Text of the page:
Keep spirit of Christmas alive and kick the post-holiday slump

  • Published
  • By Kimberly Woodruff
  • Tinker Public Affairs
In the story "A Christmas Carol," Scrooge learns to keep Christmas all year long. No matter the religion or how one celebrates, some of the things that are loved and cherished about the holiday season are things that can continue all year long.

Time with family and friends doesn't need to be only at the holidays. Plan to spend quality time during the year tending to relationships. Lunch with a friend or a group of friends once a month or so will do wonders for lifting spirits. Invite friends over for an old fashioned game night and play cards or dust off the old board games for some fun interaction. For families spread apart geographically, talk on the phone more frequently, text, skype, email or send written notes to stay connected. If time and funds permit, plan a long weekend getaway to visit loved ones.

During the holidays generosity abounds, so why not continue through the year? Pick a charity and give during the year. If money is tight, give of yourself and donate some time to help out choice organizations. Volunteer-ing time to help feed the needy, answering phones or rolling up the sleeves with some manual labor can really help an organization out and save them money from having to hire someone to do the work.

Charities can use gently used clothing and household items. Cleaning out the closets or the garage will certainly free up clutter from your life, while helping someone else out in return. After all, as the old adage says, one man's trash is another man's treasure.
Face it, one of the fun parts of the holidays is the anticipation. Keep anticipating by making plans to see a special movie or plan an event like a day at the zoo or a weekend trip to have something to look forward to. Put it on the calendar so the entire family can get ready for the special day. Granted, it isn't the same as looking forward to Christmas, but it will trick the brain a bit and still feel good, thus staving off the blues.

A favorite part of Christmas is the tree and all the pretty decorations. No, don't leave the tree up all year long, but perhaps bring in some beautiful plants or flowers to spruce up the place a bit. Home decorating shows and magazines often encourage people to decorate for spring, summer, fall and winter. A change of scenery does wonders for one's frame of mind, and this is the perfect time of year to do some big projects in the house.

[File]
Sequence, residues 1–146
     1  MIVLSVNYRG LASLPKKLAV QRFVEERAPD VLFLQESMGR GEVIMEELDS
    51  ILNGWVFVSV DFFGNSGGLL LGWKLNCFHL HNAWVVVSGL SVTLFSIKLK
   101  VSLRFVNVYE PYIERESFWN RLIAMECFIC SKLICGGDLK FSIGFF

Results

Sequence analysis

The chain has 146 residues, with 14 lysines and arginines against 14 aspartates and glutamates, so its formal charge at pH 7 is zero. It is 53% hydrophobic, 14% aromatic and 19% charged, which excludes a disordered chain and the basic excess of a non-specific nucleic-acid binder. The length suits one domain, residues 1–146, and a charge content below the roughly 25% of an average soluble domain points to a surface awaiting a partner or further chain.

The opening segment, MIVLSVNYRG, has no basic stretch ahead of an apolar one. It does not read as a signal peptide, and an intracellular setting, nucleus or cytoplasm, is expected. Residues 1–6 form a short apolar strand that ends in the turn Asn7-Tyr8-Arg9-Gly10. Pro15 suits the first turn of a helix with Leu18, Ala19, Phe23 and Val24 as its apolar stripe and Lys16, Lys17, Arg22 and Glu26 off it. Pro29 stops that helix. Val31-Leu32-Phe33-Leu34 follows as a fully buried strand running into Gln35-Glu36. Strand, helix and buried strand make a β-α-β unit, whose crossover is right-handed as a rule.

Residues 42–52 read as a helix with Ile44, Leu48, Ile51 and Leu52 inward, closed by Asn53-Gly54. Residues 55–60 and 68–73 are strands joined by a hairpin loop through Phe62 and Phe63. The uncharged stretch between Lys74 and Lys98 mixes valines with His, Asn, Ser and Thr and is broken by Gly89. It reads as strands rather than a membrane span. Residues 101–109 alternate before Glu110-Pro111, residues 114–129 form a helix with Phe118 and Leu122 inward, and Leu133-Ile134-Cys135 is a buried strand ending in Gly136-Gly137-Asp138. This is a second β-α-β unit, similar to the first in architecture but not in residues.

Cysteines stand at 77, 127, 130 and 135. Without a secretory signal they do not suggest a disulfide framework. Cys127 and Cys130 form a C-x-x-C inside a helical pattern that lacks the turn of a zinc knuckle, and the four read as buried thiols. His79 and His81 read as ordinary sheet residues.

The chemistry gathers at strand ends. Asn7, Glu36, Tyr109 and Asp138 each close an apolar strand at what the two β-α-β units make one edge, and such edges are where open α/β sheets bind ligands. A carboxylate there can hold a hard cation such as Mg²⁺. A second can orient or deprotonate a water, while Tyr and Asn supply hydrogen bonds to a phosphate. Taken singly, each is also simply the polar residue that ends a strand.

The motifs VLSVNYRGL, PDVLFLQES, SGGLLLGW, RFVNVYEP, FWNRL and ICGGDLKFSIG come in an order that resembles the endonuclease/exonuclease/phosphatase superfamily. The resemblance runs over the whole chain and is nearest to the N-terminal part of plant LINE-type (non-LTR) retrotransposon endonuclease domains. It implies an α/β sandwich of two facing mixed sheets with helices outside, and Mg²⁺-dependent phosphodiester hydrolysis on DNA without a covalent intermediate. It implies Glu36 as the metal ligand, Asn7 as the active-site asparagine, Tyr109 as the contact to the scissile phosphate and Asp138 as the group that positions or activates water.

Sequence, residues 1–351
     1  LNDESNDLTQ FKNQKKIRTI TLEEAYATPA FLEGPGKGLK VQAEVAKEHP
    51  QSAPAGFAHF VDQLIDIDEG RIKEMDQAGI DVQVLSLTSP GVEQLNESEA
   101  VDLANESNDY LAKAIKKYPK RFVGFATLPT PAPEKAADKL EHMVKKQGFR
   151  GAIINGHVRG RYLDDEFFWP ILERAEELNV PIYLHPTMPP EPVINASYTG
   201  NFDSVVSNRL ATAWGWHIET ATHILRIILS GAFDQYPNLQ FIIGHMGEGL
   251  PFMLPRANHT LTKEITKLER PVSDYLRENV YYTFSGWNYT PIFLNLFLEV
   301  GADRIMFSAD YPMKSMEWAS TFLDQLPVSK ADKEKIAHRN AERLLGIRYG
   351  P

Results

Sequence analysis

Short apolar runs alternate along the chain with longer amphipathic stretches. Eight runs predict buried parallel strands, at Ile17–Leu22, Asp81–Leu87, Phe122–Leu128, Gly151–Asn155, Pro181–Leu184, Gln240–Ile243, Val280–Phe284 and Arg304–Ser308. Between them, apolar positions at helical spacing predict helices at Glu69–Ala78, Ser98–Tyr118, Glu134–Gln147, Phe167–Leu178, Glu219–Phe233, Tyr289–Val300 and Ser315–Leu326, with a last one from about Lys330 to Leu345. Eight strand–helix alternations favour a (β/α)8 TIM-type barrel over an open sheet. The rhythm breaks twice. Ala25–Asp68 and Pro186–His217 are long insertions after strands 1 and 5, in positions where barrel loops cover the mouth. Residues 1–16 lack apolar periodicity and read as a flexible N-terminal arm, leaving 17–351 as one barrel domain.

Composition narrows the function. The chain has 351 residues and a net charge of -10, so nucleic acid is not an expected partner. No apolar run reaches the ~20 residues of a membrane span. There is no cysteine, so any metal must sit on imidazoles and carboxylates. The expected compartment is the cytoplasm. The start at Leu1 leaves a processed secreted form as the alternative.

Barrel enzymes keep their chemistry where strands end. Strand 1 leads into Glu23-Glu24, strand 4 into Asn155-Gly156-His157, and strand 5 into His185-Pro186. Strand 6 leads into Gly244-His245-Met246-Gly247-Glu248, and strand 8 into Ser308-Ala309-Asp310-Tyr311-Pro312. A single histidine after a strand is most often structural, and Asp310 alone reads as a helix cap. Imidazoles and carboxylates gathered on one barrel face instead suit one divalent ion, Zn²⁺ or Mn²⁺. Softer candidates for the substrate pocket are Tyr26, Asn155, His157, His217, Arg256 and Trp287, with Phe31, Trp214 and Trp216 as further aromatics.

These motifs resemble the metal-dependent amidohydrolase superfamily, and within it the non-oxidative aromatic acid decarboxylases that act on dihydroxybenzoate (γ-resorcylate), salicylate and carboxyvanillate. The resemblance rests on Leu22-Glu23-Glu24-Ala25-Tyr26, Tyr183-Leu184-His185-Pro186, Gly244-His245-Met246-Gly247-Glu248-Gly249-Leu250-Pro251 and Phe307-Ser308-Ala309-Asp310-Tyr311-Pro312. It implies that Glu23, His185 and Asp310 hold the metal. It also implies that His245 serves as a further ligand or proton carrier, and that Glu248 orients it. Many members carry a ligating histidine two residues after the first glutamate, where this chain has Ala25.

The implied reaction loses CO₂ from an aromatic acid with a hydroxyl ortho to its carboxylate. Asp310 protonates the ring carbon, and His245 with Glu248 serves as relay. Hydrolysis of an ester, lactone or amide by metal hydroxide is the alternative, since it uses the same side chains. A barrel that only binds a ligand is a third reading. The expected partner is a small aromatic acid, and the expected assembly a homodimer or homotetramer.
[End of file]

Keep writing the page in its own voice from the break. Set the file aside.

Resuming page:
For many, the Christmas holiday is all about the birth of Christ. Having a spiritual connection is important to our well-being. Maintaining spiritual health is one of the four-pillars of fitness.

"Take time to reflect on your blessings and to get involved with friends, church groups or volunteer," said Chaplain (Maj.) Scott Nupson, Tinker Chapel's deputy wing chaplain. "Make plans and goals to work toward."

According to the Air Force's Comprehensive Airman Fitness program, "The spiritual pillar is different things to different people. It is simply the recognition of a higher power, whether divine or man-made...provides the sense of purpose in life. Spiritual practices tend to improve coping skills and social support, foster feelings of optimism and hope, promote healthy behavior, reduce feelings of depression and anxiety, and encourage a sense of relaxation." To speak to someone about spiritual health, call the Base Chapel at 734-2111.

The start of a new year is a great time to do something just for you. Try out a new exercise or sport, read a new author, get organized at home and the office or try a new hobby. Plan to quit smoking, drinking, overeating or whatever vice, and that will feel really good too. Why not go back to school to broaden your horizons? Whatever the choice, enjoy it.

If you just can't shake the post-holiday blues, reach out for a little help. Call on friends, family, a chaplain or the Mental Health clinic at 582-6603 to make an appointment to speak with a professional. According to Airman 1st Class Kasandra Dugger, staff at the Mental Health Clinic is required to report if a person says they are going to hurt themselves or someone else, or if they have violated the Uniform Code of Military Justice in any way. "So 100 percent confidentiality is not provided," she said. "Otherwise, a patient's record is protected and no one looks at it except for in a need-to-know basis."

Airman Dugger went on to say that, of course, they can provide other resources to contact who can help. "Definitely, call someone if the blues just won't go away," she said.
Anything that we do to celebrate during the holiday season can be continued throughout the year as a way of maintaining our mental health. Keeping Christmas doesn't need to be difficult or painful. Wish people a happy day, be pleasant, do a random act of kindness once in a while and benefit from all the feelings of joy and goodness.